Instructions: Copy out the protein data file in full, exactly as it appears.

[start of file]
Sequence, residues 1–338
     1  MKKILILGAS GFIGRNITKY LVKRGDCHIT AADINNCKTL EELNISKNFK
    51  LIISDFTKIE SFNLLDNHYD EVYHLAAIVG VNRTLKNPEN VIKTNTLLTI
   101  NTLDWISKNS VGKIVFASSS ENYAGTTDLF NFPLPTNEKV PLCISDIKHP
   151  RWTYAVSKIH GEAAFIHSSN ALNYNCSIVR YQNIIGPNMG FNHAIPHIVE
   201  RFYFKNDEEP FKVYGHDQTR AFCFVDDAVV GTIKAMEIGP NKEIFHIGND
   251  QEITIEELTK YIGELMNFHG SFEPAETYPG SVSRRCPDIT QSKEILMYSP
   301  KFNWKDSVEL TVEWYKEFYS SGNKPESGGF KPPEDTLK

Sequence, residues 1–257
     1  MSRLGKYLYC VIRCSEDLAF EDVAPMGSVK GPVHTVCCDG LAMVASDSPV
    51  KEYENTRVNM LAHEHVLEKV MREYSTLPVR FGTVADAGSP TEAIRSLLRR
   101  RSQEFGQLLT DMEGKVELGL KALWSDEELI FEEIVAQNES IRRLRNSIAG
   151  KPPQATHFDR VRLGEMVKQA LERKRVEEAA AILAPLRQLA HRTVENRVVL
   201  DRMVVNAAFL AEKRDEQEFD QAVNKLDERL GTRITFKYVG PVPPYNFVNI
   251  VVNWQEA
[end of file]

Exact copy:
Sequence, residues 1–338
     1  MKKILILGAS GFIGRNITKY LVKRGDCHIT AADINNCKTL EELNISKNFK
    51  LIISDFTKIE SFNLLDNHYD EVYHLAAIVG VNRTLKNPEN VIKTNTLLTI
   101  NTLDWISKNS VGKIVFASSS ENYAGTTDLF NFPLPTNEKV PLCISDIKHP
   151  RWTYAVSKIH GEAAFIHSSN ALNYNCSIVR YQNIIGPNMG FNHAIPHIVE
   201  RFYFKNDEEP FKVYGHDQTR AFCFVDDAVV GTIKAMEIGP NKEIFHIGND
   251  QEITIEELTK YIGELMNFHG SFEPAETYPG SVSRRCPDIT QSKEILMYSP
   301  KFNWKDSVEL TVEWYKEFYS SGNKPESGGF KPPEDTLK

Sequence, residues 1–257
     1  MSRLGKYLYC VIRCSEDLAF EDVAPMGSVK GPVHTVCCDG LAMVASDSPV
    51  KEYENTRVNM LAHEHVLEKV MREYSTLPVR FGTVADAGSP TEAIRSLLRR
   101  RSQEFGQLLT DMEGKVELGL KALWSDEELI FEEIVAQNES IRRLRNSIAG
   151  KPPQATHFDR VRLGEMVKQA LERKRVEEAA AILAPLRQLA HRTVENRVVL
   201  DRMVVNAAFL AEKRDEQEFD QAVNKLDERL GTRITFKYVG PVPPYNFVNI
   251  VVNWQEA